Not all cottages erected were of Waters' design, GAR chapters from many cities around the state constructed cottages of various designs and allowed deserving veterans form that city live in them. The dwellings were small because they had no kitchens, all meals being served at the dining hall. Some cottage still remain, although altered slightly and some were demolished or moved off the grounds.
A small hospital was built at the south end of the campus. It was one and half stories and a Queen Anne style with interesting details but little ornamentation. The building was in service only a few months when on the night of November 9, 1889 it burned down to its' foundation. There is but one photograph of the smoldering ruins, just the chimneys standing. The hospital was soon replaced by a large two story building which was not the work of William Waters.
Another of the original buildings designed by Mr. Waters was the barn built to house dray animals and other livestock. One publication claims the barn was on the property when it was acquired. This seems unlikely as a sketch of it appears in the Oshkosh Times of March 16, 1890 along with drawings of the Hospital, Commandants Residence, 21st Regiment Club House and a small cottage. The structure, although utilitarian was a stylish Queen Anne design and was handsome addition to the grounds. There was at least one extension to the barn before it fell into disuse and deteriorated to the point of need to be demolished making way for another hall.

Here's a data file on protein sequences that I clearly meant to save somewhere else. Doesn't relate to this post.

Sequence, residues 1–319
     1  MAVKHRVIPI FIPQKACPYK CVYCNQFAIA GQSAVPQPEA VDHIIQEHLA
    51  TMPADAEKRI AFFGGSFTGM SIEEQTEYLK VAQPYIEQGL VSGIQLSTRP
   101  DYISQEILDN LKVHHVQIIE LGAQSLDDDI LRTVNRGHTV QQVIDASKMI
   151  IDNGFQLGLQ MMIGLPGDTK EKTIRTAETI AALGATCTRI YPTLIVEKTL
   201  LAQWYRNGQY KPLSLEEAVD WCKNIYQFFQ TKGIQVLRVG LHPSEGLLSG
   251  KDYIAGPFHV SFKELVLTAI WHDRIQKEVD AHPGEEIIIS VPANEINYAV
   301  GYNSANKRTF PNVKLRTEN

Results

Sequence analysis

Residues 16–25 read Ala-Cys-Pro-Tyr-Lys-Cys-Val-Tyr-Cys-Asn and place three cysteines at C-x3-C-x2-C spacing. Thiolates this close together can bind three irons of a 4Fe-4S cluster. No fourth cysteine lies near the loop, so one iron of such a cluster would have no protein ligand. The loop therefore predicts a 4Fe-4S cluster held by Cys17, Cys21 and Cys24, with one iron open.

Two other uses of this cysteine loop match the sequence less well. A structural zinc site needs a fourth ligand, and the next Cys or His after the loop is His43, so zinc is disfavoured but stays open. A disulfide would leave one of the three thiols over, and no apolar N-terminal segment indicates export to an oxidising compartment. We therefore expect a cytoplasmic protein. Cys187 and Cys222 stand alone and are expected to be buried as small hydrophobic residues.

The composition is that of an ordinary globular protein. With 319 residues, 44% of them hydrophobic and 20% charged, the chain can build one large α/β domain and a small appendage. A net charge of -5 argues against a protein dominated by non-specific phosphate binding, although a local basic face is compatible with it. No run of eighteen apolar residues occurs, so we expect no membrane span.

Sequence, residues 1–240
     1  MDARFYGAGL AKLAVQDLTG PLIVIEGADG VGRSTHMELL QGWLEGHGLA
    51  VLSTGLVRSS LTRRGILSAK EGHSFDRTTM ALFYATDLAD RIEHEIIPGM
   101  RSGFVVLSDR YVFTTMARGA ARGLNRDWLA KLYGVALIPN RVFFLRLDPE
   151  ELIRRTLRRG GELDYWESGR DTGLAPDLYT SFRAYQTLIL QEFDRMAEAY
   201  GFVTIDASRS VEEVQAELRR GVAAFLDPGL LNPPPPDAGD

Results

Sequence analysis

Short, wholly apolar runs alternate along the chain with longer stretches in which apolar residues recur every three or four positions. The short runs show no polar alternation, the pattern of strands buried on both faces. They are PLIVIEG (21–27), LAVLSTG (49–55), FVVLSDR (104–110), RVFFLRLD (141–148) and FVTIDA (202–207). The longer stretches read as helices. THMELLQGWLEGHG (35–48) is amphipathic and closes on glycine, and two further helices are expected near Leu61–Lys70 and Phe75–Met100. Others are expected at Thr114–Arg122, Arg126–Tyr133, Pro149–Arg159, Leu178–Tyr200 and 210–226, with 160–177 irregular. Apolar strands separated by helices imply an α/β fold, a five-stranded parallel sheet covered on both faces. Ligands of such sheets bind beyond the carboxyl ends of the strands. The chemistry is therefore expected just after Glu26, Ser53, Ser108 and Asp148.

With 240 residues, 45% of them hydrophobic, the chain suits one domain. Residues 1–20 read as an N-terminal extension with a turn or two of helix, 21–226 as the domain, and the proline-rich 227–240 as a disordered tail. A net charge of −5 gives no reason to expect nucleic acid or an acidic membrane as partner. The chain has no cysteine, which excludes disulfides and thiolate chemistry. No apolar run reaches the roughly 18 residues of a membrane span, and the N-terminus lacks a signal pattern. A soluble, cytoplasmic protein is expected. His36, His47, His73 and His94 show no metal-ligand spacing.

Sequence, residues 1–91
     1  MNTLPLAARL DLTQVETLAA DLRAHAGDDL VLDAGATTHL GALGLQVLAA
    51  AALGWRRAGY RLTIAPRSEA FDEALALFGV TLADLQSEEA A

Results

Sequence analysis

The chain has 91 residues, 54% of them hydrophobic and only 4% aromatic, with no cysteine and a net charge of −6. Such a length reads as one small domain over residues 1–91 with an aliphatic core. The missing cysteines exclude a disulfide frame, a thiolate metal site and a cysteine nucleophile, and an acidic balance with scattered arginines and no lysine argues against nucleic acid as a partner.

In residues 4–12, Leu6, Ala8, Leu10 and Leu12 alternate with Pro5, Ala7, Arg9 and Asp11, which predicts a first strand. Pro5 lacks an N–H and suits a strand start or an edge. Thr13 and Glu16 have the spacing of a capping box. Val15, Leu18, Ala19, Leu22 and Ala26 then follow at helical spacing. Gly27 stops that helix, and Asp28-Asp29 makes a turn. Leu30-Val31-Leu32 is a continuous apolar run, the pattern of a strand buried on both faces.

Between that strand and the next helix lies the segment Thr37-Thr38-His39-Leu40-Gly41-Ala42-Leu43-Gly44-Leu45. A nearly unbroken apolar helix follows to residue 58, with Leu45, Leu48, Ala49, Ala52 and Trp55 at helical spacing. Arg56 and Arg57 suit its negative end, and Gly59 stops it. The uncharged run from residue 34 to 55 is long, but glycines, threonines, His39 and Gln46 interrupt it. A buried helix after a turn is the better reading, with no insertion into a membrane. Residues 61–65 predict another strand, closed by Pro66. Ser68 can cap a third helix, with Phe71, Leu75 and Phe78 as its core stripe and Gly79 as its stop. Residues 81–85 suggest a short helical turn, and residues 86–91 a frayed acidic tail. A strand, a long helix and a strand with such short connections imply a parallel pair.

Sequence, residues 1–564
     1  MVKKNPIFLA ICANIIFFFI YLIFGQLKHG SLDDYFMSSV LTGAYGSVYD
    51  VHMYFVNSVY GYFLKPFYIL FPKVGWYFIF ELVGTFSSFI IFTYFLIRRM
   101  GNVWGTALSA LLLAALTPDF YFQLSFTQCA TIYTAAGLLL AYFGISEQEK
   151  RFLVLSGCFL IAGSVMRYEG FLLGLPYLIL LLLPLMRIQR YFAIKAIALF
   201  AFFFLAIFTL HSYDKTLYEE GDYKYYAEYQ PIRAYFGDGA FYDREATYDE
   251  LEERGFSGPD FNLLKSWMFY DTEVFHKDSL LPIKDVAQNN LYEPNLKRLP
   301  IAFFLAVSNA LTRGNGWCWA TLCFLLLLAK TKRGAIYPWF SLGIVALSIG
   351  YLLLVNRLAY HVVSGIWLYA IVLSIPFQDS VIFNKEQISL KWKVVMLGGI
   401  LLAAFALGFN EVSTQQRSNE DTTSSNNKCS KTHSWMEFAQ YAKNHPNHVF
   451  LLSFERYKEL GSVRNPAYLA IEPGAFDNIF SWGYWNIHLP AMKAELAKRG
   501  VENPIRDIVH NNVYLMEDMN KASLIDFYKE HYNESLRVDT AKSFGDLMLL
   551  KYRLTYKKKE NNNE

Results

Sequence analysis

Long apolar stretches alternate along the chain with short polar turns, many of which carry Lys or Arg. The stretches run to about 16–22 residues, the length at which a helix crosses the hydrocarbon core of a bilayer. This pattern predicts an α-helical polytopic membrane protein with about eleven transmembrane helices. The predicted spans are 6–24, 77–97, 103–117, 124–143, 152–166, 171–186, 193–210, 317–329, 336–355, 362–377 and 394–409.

Other buildings not from Waters' drafting table were built; Amusement Hall, The Chapel and post office were but a few. Mr Waters' next job at the home was Jerry Rusk Hall, commissioned in 1895. Intended as housing for elderly couples the hall was a Queen Anne style with central pavilion, flanked by two towers, a tall one to the left and a short one to the right. Entry was gained through a large veranda, the roof of which formed a balcony accessed by a door between the towers. Two wings stretched in opposite directions from the center, the terminus of which were large octagon shaped sections with porches. On June 7, 1929 a fire destroyed much of the building such that what remained had to be razed. Only a few of the old building survived to the 21st century.